UT Bags JC Blazer

If measured strictly in terms of sheer speed and athletic ability, Tennessee possesses the potential to improve its receiving corps next fall over a highly productive 2006 unit — even if single season record holder Robert Meachem enters April's NFL Draft.

The Vols added another high profile JC prospect Monday with the commitment of 6-foot, 195-pound wideout Kenny O'Neal, a redshirt sophomore at City College of San Francisco. A standout in both track and football, O'Neal runs a remarkable 10.29 time in the 100 meters and has clocked an almost unfathomable 4.26 in the 40.

O'Neal's path to Big Orange Country was perilous and replete with potholes. He played at Skyline High School in Oakland, Calif., where he was ranked No. 8 among wide receivers by Scout.com in the Class of 2004. He caught 36 passes for 860 yards and 24 touchdowns (4 of those TDs were on kick returns.) as senior in the fall of 2003, and the next spring set the California state high school record in the 60 meters.

After being offered by a host of west coast schools, O'Neal signed with Florida State in 2004 and was fitted for a redshirt that first fall in Tallahassee due to delays in determining his status by the NCAA Clearinghouse. The following season he caught five passes for 110 yards and compiled 503 yards on 21 kick returns, an average of 24 yards per return. However he didn't break the two-deep rotation and left FSU last spring.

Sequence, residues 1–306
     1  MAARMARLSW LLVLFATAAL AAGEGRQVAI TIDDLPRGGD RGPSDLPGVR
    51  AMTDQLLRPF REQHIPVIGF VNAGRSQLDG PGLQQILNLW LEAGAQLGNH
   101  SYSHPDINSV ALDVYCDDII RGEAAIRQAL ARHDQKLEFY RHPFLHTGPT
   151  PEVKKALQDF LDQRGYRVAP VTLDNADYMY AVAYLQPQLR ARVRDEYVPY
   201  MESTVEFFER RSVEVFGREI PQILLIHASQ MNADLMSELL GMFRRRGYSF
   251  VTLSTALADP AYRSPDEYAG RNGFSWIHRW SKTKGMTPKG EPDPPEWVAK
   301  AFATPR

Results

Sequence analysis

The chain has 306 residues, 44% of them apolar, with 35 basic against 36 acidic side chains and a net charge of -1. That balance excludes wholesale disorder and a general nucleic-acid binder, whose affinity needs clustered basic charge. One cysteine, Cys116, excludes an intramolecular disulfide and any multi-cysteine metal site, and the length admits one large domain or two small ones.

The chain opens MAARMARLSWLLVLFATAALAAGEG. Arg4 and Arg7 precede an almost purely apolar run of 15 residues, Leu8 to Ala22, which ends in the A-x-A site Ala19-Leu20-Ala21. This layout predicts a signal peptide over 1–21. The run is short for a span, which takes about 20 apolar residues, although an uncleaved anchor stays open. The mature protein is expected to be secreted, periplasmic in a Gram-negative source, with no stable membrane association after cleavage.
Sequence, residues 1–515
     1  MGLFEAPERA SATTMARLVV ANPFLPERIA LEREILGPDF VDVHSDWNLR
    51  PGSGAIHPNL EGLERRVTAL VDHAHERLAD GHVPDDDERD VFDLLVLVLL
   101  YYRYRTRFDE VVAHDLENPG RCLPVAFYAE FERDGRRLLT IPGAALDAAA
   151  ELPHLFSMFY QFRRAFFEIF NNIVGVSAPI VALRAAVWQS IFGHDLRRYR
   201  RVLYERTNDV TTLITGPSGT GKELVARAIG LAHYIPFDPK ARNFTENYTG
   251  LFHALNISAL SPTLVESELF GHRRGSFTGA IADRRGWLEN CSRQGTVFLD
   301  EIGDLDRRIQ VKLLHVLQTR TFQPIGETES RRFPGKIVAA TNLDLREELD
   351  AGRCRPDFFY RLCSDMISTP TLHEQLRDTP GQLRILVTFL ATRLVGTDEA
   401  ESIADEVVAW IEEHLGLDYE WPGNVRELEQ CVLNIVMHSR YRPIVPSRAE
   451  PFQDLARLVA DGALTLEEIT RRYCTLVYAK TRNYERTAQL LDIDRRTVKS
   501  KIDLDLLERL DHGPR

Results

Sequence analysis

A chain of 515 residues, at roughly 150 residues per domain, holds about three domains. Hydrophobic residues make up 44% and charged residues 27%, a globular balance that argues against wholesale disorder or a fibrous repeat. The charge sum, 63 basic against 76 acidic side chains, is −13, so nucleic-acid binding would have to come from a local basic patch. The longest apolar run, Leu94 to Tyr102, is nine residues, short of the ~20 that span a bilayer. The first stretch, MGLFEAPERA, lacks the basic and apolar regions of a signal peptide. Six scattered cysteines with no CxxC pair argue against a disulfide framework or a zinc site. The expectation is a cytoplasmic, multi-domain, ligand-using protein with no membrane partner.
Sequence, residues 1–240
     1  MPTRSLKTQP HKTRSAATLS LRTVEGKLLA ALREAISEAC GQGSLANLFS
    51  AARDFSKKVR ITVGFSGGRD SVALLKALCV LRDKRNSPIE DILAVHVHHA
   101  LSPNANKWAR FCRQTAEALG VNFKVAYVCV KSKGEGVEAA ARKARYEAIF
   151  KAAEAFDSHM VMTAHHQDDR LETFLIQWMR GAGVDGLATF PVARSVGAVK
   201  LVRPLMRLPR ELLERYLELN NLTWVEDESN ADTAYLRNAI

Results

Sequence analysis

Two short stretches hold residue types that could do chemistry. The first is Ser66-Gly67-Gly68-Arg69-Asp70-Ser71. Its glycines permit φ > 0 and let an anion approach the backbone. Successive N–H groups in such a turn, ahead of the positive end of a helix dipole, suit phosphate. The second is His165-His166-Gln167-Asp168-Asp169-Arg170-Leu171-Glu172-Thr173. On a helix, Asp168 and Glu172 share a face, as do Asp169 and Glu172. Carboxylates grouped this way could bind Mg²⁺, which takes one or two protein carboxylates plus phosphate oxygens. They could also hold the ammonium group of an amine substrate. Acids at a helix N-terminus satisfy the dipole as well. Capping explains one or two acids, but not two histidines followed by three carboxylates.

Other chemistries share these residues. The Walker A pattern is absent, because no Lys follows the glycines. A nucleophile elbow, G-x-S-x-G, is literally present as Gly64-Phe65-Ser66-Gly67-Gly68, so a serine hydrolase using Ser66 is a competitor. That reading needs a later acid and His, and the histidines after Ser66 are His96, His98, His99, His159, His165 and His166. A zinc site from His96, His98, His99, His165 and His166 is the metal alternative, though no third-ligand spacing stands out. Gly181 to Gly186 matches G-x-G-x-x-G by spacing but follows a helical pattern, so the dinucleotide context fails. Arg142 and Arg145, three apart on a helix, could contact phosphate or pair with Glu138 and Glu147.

His decision to enroll in City College of San Francisco (the same school that produced Gibril Wilson), instead of a Division I school, leaves O'Neal with two years to play two seasons. His ability to stretch defenses should give him a leg up in the competition for playing time. O'Neal, who turns 21 next May, could also be a candidate to return kicks.

With the addition of O'Neal to a signing class that already includes five-star wide receiver Brent Vinson, who is attending Hargrave Military Academy, Tennessee has two worthy candidates with more seasoning than a prospect coming directly from high school. Should Meachem decide to return to college he'd have some protection in the lineup from double coverage. Likewise the running game gets a boost via a speedster who can back up safeties.

"Teams play me way off, because they know that if they go "man" on me, that could up being a bad thing," he told Steve Ryan of BigRedReport.com. "I see all kinds of stuff at the line of scrimmage, but they don't play me one-on-one much. I see bump-n-run, I know what I am going to do."

The only time he can recall seeing press coverage this fall he burned the defense for a 72-yard touchdown. On the year, O'Neal led CC of SF with 48 receptions for 707 yards and an average of 78.56 yards per outing.

On his second trip down the recruiting trail O'Neal has attracted an assortment of impressive scholarship offers, including Minnesota, Nebraska and Tennessee. He was also being pursued by USC, but chose the Vols who were the first to offer.

His younger brother Kyler O'Neal runs a reported time of 10.6 in the 100 meters and plays linebacker for McClymonds High School in Oakland. The senior could decide to follow his older brother to Tennessee.

The swift siblings are the sons of Kenny O'Neal Sr., who played tight end for the New Orleans Saints.

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